When I was in the Army, there were two crucial lessons that were drilled into our heads as they tried to form us young college students into future officers. One was the essential idea of teamwork. The second was the essential action of ownership. Without a team, the mission is next to impossible to accomplish. Without ownership (which includes the leader owning his/her tasks AND the team owning their tasks), the mission is next to impossible to accomplish.
The concept of teamwork has been talked about so much that it has become a bit trite (especially phrases like “There’s no ‘I’ in Team”) but it is nonetheless crucial. If any organization is going to accomplish a mission that is beyond the ability of a single person, teamwork is essential. The modern Church mentality however is very individualistic. We think in terms of “me” and “my” and less in terms of “we” and “our” (just listen to most modern worship music!) If the local church is going to have impact, church members must change they way they think about being a part of the local church. In 1 Corinthians 12:27-28 St. Paul speaks to this when he says, “Now you are the body of Christ, and individual members of it. And God has placed these in the Church.” As we discover this truth our perspective begins to change. We begin to understand that we are in this together and we need each other in order to be healthy and effective as the Body of Christ. Earlier in that same Chapter St. Paul says, “For as the body is one and has many parts, and all the parts of that body, though many are one body –so also is Christ.” (1 Corinthians 12:12)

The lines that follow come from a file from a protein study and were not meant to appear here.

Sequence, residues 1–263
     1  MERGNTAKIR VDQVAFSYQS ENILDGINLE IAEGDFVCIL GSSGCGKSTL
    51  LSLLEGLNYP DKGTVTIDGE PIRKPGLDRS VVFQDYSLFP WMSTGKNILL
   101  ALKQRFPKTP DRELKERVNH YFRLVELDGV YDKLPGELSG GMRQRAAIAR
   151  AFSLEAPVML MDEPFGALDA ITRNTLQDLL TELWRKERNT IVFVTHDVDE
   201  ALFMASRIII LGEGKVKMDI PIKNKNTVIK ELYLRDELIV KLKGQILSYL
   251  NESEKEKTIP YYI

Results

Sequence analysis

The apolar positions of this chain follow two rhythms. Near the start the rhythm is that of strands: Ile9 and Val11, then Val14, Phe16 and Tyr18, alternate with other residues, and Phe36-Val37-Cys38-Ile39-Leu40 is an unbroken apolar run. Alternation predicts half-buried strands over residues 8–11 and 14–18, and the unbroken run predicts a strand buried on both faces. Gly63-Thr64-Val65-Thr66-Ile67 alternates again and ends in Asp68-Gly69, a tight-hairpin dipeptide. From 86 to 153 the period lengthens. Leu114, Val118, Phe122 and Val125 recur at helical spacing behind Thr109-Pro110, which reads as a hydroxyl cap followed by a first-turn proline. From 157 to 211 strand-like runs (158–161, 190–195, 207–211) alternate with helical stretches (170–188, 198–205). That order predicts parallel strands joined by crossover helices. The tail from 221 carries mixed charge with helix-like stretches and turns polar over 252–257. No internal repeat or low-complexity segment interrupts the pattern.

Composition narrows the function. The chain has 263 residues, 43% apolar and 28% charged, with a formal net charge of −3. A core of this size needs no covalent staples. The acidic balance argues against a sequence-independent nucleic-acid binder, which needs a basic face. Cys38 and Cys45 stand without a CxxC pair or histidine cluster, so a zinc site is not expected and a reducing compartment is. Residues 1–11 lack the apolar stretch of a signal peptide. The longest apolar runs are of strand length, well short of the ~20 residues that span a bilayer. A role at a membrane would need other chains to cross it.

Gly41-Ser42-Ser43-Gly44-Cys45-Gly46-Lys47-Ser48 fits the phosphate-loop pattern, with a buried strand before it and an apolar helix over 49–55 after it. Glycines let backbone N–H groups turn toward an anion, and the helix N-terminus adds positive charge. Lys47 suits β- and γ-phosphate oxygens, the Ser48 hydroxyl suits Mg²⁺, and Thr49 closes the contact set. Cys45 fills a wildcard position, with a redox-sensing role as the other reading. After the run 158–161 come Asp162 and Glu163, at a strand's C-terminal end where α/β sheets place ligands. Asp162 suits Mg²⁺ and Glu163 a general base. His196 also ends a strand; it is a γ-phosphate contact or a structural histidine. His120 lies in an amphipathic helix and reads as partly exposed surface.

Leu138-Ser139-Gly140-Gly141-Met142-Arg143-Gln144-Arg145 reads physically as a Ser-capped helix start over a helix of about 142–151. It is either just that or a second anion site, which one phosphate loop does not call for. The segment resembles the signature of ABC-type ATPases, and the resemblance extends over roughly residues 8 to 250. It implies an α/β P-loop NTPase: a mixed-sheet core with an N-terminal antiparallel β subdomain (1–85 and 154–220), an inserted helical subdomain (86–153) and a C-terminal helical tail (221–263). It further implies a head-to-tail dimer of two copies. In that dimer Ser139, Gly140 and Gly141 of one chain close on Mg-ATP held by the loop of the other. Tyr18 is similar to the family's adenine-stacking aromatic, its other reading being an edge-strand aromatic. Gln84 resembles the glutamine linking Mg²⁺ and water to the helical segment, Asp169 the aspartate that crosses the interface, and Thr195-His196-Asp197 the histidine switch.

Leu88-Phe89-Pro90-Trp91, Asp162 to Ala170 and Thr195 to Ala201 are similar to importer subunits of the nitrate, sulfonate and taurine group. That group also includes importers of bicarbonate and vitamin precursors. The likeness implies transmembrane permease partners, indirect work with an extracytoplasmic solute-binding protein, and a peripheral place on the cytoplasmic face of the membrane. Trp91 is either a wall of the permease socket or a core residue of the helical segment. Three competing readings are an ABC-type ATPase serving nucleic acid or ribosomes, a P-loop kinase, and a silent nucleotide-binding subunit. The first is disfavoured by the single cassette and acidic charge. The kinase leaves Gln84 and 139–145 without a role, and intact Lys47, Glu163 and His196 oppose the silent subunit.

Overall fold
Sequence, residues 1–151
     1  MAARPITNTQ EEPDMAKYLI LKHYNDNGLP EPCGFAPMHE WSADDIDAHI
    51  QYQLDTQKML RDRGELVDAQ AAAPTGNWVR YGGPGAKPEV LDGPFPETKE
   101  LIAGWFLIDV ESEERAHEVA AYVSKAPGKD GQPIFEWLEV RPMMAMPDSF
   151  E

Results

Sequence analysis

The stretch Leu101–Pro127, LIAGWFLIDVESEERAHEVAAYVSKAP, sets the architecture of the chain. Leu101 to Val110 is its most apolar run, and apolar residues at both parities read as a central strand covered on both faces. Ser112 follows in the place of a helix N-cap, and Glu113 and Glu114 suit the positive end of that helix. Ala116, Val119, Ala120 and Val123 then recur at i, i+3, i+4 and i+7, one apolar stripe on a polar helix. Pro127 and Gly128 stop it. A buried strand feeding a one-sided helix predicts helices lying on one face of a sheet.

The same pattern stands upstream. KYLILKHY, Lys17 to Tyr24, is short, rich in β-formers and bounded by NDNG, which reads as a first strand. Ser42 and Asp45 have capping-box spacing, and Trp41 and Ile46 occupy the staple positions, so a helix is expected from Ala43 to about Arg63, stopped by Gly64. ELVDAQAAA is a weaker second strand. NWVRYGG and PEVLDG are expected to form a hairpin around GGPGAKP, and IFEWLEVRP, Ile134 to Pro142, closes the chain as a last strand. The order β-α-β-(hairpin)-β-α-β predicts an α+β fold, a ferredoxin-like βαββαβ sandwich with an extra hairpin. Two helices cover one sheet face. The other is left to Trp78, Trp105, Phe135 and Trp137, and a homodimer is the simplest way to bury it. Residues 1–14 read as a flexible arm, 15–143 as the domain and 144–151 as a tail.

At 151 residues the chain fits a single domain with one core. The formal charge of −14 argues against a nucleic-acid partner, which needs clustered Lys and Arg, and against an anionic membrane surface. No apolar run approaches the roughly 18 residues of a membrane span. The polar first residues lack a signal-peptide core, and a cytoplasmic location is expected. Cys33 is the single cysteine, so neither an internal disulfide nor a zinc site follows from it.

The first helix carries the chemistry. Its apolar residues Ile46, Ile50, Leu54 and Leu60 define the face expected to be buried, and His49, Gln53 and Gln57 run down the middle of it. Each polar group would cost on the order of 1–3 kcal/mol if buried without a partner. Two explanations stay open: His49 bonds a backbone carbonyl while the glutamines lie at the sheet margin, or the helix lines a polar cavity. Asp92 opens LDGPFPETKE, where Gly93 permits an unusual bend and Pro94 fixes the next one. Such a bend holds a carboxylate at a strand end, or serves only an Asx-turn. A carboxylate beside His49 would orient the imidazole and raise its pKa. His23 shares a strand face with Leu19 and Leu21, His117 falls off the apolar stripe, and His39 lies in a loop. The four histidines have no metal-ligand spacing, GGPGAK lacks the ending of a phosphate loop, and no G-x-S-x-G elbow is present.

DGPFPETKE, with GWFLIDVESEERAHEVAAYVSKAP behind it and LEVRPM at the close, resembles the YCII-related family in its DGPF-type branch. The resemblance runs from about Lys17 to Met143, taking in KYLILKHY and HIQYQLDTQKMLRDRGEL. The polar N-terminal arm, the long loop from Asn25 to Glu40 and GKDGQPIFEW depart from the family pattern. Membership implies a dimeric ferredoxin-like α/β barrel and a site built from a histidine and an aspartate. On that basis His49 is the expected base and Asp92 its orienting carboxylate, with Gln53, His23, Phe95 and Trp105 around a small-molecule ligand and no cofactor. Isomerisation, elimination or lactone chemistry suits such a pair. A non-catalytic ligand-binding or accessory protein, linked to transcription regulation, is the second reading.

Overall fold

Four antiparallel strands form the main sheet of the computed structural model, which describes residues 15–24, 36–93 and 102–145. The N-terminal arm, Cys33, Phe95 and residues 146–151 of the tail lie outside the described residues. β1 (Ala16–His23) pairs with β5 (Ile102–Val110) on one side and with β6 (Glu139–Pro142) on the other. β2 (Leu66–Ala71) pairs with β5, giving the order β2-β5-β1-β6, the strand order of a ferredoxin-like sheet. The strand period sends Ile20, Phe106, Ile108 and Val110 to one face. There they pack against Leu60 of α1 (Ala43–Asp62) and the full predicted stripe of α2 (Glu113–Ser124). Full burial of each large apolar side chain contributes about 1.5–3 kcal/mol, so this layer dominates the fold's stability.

When this happens, and we begin to think of ourselves as a team, we begin to let go of the idol of self-focus and move into the far more productive place of mission focus. Our thoughts begin to center on “What can I do to help the Body of Christ advance the mission of Christ?”
This naturally moves to the topic of “Ownership”. Better said, we have to take ownership of our place and role on the team that advances the mission. Things that distract from or run counter to this, should be avoided. Again I think St. Paul’s words to a young Church are helpful, “But now you also, put them all aside: anger, wrath, malice, slander, and abusive speech from your mouth.” (Colossians 3:8) Few things are as destructive to the team, the Body of Christ, as gossip. But the concept of ownership also moves us to action. If you see a visitor that is not being greeted, go greet them! If you see a need that is not being met, be part of meeting that need. It is not unusual to hear things like “We really need to….” or “Why don’t we…” Often I will say, “Great idea! Run with it!” Only to be met with “Well, I don’t want to DO it….” or “I’ll help but I don’t want to be in charge of it.” If God has placed on your heart a ministry, a Bible Study, a need, then take ownership! At our church one woman wanted to start a mid-week Bible study for women. I told her to go for it. I just wanted to review the material (which was fine). She took the ball and ran and I loved seeing these women week after week studying the Word together.
Two ways YOU can be a Champion for your church. Embrace the Biblical idea of being a part of the team and take ownership for your role in it.